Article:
The siderophore 2,3-dihydroxybenzoic acid is not required for virulence of Brucella abortus in BALB/c mice. (7/1093)

2,3-Dihydroxybenzoic acid (DHBA) is the only siderophore described for Brucella, and previous studies suggested that DHBA might contribute to the capacity of these organisms to persist in host macrophages. Employing an isogenic siderophore mutant (DeltaentC) constructed from virulent Brucella abortus 2308, however, we found that production of DHBA is not required for replication in cultured murine macrophages or for the establishment and maintenance of chronic infection in the BALB/c mouse model.  (+info)

Destructive aortic valve endocarditis from Brucella abortus: survival with emergency aortic valve replacement. (8/1093)

Brucella abortus infection of the aortic valve caused acute aortic regurgitation leading to severe left ventricular failure in a 62-year-old man. He made an excellent recovery after emergency aortic valve replacement. This is the third reported case of successful heart valve replacement for Brucella endocarditis and the second such case involving the aortic valve.  (+info)

Brucellosis is a bacterial infection caused by the Brucella species, which are gram-negative coccobacilli. It is a zoonotic disease, meaning it can be transmitted from animals to humans. The most common way for humans to contract brucellosis is through consumption of contaminated animal products, such as unpasteurized milk or undercooked meat, from infected animals like goats, sheep, and cattle.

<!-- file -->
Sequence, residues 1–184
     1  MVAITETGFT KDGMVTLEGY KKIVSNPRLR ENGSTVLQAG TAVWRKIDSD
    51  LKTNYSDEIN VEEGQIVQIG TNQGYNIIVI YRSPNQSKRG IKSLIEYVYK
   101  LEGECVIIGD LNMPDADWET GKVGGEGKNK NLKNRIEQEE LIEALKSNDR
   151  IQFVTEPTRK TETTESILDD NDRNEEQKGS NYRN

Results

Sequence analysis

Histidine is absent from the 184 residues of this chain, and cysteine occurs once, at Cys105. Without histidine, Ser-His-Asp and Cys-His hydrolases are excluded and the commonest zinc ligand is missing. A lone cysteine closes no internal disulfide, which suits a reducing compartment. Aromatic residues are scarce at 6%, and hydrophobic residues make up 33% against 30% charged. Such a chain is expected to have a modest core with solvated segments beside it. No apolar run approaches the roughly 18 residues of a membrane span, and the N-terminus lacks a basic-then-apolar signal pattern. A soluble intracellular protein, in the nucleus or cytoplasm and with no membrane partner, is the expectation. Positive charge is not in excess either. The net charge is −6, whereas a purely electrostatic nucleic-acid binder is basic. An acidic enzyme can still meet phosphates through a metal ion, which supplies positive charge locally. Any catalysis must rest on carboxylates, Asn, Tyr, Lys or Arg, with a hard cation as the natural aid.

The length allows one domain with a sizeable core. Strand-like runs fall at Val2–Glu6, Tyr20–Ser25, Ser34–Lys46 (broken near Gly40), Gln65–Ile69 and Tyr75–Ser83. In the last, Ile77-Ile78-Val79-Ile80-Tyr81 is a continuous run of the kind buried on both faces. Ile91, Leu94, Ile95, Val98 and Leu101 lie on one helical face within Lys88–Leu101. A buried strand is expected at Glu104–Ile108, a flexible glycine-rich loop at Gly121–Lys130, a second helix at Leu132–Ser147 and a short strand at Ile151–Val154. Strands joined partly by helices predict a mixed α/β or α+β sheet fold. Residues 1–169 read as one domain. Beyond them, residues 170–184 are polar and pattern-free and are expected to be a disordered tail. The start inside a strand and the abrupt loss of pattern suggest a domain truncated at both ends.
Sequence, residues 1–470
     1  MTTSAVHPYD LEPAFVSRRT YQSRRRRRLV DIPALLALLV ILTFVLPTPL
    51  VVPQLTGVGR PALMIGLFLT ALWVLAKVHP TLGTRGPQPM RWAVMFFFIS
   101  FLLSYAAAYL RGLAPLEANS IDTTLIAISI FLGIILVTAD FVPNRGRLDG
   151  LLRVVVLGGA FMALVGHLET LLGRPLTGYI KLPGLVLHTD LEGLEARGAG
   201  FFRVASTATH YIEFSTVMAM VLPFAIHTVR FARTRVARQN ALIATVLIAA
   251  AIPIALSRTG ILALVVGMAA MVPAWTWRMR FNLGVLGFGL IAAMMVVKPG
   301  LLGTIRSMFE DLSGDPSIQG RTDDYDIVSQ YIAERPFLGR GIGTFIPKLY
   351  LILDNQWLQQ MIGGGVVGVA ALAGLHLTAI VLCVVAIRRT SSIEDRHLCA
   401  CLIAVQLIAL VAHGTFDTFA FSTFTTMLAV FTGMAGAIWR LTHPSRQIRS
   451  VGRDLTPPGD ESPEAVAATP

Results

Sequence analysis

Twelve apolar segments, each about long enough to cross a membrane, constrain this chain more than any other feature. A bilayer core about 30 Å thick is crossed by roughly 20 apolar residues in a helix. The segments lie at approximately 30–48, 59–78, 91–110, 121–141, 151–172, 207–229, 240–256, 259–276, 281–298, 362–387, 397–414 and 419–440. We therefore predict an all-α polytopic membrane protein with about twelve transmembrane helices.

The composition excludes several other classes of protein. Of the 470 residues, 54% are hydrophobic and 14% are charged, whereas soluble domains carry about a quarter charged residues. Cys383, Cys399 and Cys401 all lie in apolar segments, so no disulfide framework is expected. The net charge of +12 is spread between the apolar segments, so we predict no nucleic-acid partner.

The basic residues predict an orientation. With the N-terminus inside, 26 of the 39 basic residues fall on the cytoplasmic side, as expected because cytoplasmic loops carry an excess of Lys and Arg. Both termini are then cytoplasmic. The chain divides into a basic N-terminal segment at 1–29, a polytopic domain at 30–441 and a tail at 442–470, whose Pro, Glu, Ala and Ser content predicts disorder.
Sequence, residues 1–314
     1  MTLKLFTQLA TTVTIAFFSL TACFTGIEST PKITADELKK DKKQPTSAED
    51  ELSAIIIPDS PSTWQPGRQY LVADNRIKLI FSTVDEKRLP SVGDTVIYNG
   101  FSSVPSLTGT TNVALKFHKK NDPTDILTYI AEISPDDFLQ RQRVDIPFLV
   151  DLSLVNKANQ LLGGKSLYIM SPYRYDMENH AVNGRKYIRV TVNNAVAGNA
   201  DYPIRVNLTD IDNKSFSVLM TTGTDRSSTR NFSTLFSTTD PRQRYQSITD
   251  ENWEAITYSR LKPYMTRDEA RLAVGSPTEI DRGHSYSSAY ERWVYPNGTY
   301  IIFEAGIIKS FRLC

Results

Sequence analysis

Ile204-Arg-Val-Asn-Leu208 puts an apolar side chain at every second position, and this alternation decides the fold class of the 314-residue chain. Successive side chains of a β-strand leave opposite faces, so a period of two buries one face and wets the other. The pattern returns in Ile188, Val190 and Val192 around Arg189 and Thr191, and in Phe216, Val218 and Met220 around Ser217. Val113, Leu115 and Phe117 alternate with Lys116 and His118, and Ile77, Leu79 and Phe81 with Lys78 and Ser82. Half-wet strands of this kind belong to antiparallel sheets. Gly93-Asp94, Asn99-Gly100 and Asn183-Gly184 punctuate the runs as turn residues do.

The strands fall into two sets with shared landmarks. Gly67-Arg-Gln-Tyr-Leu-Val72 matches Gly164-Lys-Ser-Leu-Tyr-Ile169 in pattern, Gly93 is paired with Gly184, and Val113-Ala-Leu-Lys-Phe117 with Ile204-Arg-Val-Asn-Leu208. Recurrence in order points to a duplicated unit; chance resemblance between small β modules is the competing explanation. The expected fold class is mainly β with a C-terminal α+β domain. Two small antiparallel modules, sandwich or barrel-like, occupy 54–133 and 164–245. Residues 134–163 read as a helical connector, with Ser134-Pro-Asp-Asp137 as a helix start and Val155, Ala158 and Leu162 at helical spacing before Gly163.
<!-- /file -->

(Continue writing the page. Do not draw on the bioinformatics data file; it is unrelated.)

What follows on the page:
Humans can also acquire the infection through direct contact with infected animals, their tissues, or bodily fluids, especially in occupational settings like farming, veterinary medicine, or slaughterhouses. In rare cases, inhalation of contaminated aerosols or laboratory exposure can lead to brucellosis.

The onset of symptoms is usually insidious and may include fever, chills, night sweats, headache, muscle and joint pain, fatigue, and loss of appetite. The infection can disseminate to various organs, causing complications such as endocarditis, hepatomegaly, splenomegaly, orchitis, and epididymoorchitis.

Diagnosis is confirmed through blood cultures, serological tests, or molecular methods like PCR. Treatment typically involves a long course of antibiotics, such as doxycycline combined with rifampin or streptomycin. Prevention measures include pasteurization of dairy products and cooking meat thoroughly before consumption. Vaccination is available for high-risk populations but not for general use due to the risk of adverse reactions and potential interference with serodiagnosis.

Brucellosis, bovine is a bacterial infection caused by Brucella abortus that primarily affects cattle. It can also spread to other animals and humans through direct contact with infected animals or ingestion of contaminated food or drink. In animals, it causes abortion, reduced milk production, and weight loss. In humans, it can cause fever, sweats, headaches, joint pain, and weakness. Human infections are rare in countries where milk is pasteurized and proper sanitation measures are in place. It is also known as undulant fever or Malta fever.